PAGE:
Appendix 2-5: Rejected ecotox bibliography for Chlorpyrifos



Download 6.25 Mb.
Page73/151
Date conversion04.02.2017
Size6.25 Mb.
1   ...   69   70   71   72   73   74   75   76   ...   151
parathion, the latter in oxydemeton methyl poisoning. At first glance, this dichotomy is surprising since parathion is a pro-poison and has to be activated to the oxon, while the latter is still the ultimate inhibitor. Also oxime therapy in organophosphorus poisoning apparently gives perplexing results: Oximes are usually able to reactivate diethylphosphorylated AChE, but the efficiency may be occasionally markedly smaller than expected from kinetic data. Dimethylphosphorylated AChE is in general less amenable to oxime therapy, which largely fails in some cases of dimethoate poisoning where aging was much faster than expected from a dimethylphosphorylated enzyme. Similarly, poisoning by profenofos, an O,S-dialkyl phosphate, leads to a rapidly aged enzyme. Most surprisingly, these patients were usually well on admission, yet their erythrocyte AChE was completely inhibited. Analysis of the kinetic constants of the most important reaction pathways, determination of the reactant concentrations in vivo and comparison with computer simulations may reveal unexpected toxic reactions. Pertinent examples will be presented and the potentially underlying phenomena discussed. (C) 2010 Elsevier Ireland Ltd. All rights reserved.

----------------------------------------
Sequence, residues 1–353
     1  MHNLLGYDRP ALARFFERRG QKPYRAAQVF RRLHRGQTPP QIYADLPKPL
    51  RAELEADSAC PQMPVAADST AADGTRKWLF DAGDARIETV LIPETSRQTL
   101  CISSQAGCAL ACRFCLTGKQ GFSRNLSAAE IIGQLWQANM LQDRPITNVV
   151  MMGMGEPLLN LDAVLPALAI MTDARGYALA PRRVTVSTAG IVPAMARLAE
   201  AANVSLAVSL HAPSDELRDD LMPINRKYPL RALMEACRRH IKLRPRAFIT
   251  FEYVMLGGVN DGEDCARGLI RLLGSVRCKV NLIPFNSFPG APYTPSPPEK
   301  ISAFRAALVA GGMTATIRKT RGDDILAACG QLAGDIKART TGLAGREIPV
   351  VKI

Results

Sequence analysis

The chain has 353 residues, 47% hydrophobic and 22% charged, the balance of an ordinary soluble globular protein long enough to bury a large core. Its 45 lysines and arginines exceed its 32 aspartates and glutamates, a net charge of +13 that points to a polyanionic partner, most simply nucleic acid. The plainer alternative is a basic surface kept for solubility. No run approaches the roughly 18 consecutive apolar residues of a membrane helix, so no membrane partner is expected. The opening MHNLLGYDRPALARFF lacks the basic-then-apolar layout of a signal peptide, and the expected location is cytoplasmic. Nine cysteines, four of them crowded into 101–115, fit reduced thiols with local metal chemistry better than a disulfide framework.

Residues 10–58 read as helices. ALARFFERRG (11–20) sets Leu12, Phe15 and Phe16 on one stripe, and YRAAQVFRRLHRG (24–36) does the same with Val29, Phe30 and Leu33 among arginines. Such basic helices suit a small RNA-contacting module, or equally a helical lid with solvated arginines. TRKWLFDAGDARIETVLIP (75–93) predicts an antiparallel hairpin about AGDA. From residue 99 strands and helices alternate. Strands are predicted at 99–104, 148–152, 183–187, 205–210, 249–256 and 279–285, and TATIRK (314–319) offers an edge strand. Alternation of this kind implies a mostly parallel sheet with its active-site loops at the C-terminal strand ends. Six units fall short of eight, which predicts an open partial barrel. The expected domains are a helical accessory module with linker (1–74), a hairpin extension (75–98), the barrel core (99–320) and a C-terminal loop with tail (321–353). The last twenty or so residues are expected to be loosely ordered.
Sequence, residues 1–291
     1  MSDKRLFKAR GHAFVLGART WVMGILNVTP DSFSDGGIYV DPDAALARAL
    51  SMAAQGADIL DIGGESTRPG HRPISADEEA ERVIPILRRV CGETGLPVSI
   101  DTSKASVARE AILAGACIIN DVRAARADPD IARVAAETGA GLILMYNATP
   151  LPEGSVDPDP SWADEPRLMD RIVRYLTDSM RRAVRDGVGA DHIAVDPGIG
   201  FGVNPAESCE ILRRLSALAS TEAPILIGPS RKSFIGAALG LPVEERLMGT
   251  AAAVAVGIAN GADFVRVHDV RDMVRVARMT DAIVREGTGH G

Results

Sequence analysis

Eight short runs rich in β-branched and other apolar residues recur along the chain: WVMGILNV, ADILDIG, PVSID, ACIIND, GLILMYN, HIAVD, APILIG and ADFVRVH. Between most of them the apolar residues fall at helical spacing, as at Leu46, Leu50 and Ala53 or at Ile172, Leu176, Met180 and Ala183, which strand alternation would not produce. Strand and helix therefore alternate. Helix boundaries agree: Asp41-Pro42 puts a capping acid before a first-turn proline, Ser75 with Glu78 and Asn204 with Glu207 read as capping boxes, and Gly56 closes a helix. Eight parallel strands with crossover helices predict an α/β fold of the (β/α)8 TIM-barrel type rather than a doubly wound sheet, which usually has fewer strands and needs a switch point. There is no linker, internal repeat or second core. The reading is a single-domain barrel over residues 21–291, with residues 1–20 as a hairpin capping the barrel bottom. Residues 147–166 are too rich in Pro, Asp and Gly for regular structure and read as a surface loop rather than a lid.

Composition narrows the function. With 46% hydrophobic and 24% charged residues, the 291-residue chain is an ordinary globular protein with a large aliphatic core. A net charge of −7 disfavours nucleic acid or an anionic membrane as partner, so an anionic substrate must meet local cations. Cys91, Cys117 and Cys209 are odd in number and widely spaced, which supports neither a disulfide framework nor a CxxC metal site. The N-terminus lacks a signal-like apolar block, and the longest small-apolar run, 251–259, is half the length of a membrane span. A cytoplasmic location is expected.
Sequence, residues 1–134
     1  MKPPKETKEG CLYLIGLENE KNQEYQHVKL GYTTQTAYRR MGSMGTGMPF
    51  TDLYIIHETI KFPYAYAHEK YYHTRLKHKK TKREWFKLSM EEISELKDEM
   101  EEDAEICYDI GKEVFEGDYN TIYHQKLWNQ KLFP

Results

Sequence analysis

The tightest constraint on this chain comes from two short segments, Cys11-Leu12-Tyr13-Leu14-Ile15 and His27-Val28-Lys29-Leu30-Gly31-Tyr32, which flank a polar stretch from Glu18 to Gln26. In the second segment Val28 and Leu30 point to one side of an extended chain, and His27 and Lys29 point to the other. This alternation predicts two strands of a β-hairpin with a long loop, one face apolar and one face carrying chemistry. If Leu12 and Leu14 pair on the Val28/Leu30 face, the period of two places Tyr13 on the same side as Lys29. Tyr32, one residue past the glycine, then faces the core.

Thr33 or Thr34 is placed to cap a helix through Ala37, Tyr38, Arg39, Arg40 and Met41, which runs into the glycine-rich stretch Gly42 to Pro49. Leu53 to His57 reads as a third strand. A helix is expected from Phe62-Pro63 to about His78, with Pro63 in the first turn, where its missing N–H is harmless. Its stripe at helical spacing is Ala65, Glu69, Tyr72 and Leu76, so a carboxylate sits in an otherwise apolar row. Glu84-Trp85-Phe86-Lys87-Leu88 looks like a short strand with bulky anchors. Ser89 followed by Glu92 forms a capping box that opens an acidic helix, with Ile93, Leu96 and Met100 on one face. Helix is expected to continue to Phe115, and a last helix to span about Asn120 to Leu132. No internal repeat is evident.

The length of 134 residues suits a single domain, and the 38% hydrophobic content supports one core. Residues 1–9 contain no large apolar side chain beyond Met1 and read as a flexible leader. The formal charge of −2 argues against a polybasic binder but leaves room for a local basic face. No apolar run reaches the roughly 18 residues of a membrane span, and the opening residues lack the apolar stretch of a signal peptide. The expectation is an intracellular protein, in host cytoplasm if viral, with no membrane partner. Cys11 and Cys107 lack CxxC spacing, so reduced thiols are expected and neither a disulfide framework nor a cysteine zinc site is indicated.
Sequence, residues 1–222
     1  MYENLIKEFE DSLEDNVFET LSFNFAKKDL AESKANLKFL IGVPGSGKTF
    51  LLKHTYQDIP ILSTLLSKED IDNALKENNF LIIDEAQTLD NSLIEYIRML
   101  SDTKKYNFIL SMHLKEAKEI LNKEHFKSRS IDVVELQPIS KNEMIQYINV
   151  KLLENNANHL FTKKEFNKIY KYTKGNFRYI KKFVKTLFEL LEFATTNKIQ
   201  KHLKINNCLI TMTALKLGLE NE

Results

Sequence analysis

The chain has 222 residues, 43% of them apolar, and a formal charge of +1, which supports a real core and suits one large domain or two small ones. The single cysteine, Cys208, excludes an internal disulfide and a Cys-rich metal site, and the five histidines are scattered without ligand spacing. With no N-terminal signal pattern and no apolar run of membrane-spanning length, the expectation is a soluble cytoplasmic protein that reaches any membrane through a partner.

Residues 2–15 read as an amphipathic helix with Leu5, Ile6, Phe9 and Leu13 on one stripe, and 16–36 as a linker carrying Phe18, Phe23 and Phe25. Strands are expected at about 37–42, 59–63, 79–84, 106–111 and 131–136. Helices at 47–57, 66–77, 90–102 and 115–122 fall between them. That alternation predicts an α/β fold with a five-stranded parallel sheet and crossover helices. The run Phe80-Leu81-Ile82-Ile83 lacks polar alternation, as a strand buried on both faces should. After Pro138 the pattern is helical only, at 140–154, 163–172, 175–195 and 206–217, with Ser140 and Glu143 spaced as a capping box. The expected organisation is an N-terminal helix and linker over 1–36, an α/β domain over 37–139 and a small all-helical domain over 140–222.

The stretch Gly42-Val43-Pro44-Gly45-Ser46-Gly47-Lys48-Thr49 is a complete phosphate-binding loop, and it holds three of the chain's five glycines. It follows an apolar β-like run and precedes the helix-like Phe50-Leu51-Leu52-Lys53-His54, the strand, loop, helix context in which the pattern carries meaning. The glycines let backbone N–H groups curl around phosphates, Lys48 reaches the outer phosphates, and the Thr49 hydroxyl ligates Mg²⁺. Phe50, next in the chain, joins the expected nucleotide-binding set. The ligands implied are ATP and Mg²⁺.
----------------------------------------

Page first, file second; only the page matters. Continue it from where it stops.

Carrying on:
Keywords: Organophosphorus insecticides, Oximes, Paraoxonase 1, Isomerides,
ISI Document Delivery No.: 641EW

398. Eziah, V. Y.; Rose, H. A.; Wilkes, M., and Clift, A. D. Biochemical Mechanisms of Insecticide Resistance in the Diamondback Moth (DBM), Plutella xylostella L. (Lepidopterata: Yponomeutidae), in the Sydney Region, Australia. 2009; 48, (4): 321-327.


Rec #: 2090
Keywords: IN VITRO
Call Number: NO IN VITRO (CPY,EFV,MTM,PMR)
Notes: Chemical of Concern: CPY,EFV,MTM,PMR

399. Fabacher, D. L. Hepatic Microsomes from Freshwater Fish - I. In Vitro Cytochrome P-450 Chemical Interactions. 1982; 73, 277-283.


Rec #: 770
Keywords: IN VITRO
Call Number: NO IN VITRO (24D,24DXY,AZ,CPY,ES,MLN,MP,PAQT,PCP,PPB,RTN,SZ,TVP)
Notes: Chemical of Concern: 24D,24DXY,AND,AZ,BAP,CHO,CPY,CdCl,DDT,DLD,EN,ES,HPT,MLN,MP,MRX,MXC,NS,NaCO,NaLS,OLEA,PAQT,PCL,PCP,PPB,RTN,SZ,TVP,TXP

400. Fabro, L. and Varca, L. M. Pesticide usage by farmers in Pagsanjan-Lumban catchment of Laguna de Bay, Philippines. 2012; 106, 27-34.


Rec #: 59909
Keywords: HUMAN HEALTH
Notes: Chemical of Concern: CPY